Fox News actually did a pretty good job covering the New York terror attack on Tuesday afternoon—at first, that is. During the immediate aftermath of the attack—in which an Uzbek national claiming allegiance to ISIS drove a truck he rented from a New Jersey Home Depot onto a Manhattan bike path, killing eight people—the network took great care to emphasize everything it didn’t know. This caution is standard protocol for journalists during breaking-news events, when unintentional misinformation is everywhere, and passing it along as fact can damage your credibility and have other disastrous consequences. Fox was very careful on Tuesday afternoon. Starting with Shepard Smith Reporting in the 3 p.m. hour all the way through Special Report With Bret Baier at 6 p.m., Fox’s early coverage of the attack was competent, professional, and informative, featuring minimal speculation and relatively responsible punditry. Then the evening programming began.
There is a real divide between the news and opinion programming at Fox News, and that split was especially evident Tuesday night. From 7 p.m. to 11 p.m., Fox’s evening hosts and guests also took pains to emphasize how much they did not know about the attacks—albeit in the “displaying their ignorance” sense—and took every possible opportunity to fill in those knowledge gaps with nativist rhetoric and liberal-bashing. All night long, the network presented a ceaseless parade of disreputable guests with polarizing opinions, egged on by hosts eager to pin blame for the attack on the rampant political correctness that ostensibly prevents government officials from broadly surveilling American Muslims and interferes with President Trump’s ongoing efforts to isolate America from the rest of the world. If Tuesday afternoon showcased the strengths of the network’s breaking-news division, then Tuesday evening was Fox at its worst.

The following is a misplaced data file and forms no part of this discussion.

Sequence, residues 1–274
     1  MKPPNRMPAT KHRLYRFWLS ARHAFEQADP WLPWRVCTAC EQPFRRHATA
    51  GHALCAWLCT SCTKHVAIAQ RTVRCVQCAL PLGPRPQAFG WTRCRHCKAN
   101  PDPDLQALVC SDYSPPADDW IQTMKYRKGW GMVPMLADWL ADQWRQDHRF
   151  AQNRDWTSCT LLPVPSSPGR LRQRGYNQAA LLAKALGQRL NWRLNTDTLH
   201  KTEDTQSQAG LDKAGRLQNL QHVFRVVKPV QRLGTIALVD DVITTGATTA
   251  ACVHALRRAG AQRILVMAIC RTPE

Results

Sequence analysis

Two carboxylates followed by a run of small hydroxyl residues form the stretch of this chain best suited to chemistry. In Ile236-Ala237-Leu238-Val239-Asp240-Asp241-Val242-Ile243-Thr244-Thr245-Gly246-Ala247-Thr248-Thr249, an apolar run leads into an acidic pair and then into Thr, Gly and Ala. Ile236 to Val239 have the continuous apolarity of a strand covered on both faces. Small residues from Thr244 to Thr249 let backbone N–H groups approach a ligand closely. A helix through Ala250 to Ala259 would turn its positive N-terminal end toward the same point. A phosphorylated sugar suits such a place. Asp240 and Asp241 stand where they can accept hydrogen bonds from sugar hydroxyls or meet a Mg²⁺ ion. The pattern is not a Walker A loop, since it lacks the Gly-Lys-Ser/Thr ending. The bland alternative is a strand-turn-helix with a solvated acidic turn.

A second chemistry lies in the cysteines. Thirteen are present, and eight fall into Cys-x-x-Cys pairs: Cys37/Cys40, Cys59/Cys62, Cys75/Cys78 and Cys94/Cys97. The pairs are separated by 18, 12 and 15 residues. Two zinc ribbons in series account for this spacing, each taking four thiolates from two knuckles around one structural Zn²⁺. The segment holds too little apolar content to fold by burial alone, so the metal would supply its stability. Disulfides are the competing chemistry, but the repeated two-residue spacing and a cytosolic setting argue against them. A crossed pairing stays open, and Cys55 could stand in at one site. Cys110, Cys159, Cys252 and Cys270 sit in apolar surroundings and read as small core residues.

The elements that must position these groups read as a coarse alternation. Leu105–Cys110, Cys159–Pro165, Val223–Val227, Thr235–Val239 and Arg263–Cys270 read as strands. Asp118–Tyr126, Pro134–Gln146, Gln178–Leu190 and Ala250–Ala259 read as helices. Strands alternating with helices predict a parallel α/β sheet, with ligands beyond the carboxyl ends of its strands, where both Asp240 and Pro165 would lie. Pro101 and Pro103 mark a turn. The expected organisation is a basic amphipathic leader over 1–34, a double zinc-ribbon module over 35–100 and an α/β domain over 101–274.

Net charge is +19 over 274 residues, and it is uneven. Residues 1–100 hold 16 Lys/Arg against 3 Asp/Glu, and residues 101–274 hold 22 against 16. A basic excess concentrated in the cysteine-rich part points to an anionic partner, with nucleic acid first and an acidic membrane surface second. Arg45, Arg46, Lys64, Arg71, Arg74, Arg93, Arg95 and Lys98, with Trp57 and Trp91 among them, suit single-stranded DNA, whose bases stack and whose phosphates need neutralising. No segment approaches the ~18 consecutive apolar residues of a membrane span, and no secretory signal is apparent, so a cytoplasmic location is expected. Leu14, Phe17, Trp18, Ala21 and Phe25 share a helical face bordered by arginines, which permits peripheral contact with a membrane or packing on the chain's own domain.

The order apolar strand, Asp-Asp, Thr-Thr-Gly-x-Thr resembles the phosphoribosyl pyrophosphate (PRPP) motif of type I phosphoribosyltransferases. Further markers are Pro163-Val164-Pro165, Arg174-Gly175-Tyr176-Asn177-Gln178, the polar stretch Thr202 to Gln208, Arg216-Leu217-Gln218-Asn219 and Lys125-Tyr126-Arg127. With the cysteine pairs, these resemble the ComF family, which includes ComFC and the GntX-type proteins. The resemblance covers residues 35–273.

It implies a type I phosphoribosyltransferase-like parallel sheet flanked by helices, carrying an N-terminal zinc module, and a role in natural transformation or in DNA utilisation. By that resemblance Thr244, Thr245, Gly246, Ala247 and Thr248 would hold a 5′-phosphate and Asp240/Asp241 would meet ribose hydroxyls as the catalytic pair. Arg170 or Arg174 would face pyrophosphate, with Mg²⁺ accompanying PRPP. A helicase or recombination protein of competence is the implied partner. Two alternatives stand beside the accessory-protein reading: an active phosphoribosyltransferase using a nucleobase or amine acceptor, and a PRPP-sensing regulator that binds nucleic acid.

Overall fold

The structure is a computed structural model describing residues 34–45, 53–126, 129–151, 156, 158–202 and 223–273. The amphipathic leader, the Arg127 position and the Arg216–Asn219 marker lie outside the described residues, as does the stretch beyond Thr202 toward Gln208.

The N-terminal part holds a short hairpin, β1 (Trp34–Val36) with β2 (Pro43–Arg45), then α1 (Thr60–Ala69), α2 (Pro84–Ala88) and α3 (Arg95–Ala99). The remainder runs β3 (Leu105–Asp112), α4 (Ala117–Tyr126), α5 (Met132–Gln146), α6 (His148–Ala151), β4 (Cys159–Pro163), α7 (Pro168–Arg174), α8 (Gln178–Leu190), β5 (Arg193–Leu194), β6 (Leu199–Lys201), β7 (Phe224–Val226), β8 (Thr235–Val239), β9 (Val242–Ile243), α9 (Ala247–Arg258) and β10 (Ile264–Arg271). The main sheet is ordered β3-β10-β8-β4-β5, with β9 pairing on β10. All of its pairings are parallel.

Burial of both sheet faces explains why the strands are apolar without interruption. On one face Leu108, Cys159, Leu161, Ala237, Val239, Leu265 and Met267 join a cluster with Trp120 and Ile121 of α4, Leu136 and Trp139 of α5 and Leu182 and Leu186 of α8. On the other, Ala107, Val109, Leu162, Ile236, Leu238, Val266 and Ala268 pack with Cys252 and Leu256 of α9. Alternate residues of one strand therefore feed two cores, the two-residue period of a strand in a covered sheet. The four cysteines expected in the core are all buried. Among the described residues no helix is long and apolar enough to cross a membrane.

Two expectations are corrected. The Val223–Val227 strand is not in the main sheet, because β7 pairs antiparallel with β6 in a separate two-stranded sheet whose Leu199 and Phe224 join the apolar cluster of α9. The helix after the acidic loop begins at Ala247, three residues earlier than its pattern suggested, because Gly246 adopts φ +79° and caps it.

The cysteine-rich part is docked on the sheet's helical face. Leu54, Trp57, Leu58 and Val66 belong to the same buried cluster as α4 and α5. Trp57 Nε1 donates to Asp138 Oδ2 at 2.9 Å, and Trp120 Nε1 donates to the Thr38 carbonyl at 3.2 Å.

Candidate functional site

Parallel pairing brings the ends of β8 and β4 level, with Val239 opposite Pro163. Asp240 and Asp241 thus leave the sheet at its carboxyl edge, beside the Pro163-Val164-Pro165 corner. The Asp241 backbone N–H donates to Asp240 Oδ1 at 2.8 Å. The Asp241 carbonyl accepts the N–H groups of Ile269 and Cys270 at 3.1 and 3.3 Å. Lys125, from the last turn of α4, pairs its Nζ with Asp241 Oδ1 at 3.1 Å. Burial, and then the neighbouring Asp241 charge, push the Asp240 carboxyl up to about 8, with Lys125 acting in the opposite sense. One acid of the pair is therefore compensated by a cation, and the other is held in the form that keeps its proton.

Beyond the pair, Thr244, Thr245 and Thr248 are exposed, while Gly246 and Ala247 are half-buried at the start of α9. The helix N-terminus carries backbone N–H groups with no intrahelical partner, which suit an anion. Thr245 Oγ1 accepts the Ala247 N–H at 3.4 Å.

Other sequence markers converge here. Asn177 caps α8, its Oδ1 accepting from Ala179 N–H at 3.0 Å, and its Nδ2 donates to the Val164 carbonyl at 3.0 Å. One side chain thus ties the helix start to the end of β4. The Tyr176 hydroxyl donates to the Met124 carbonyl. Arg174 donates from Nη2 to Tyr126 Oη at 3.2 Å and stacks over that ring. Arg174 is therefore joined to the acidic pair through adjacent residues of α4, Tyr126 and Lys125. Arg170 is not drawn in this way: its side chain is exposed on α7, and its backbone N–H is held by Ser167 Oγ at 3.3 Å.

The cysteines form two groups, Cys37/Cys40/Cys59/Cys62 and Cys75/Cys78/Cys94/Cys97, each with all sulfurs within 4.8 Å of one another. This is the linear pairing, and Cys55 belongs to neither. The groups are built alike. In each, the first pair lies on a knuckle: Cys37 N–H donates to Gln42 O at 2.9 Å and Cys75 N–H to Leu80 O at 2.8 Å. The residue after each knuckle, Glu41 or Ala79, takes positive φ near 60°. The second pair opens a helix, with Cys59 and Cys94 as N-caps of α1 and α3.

The toxicity began with The Story With Martha MacCallum, at 7 p.m. The show’s producer really needs to find a better Rolodex. As the hour went by MacCallum’s guests became increasingly unhinged, starting with a man who seemed to be trying to partially pin responsibility for the attacks on Virginia gubernatorial candidate Ralph Northam, a Democrat, because a group supporting Northam’s campaign recently produced and aired a television ad that involved children being chased by a truck.
This imaginative fellow was miles more articulate than the guest who followed him, former New York City police commissioner and convicted felon Bernard Kerik, who told MacCallum that “the thing that needs to change, the one dynamic that needs to change is political correctness. Stop the political correctness.” Kerik, a blunt man, went on to claim that the only viable way to stop terror for good is for the government—or possibly Kerik himself; it wasn’t clear—to kill every single terrorist. “You are either going to kill them or they will kill us, and that’s the only way you can deal with this,” said Kerik.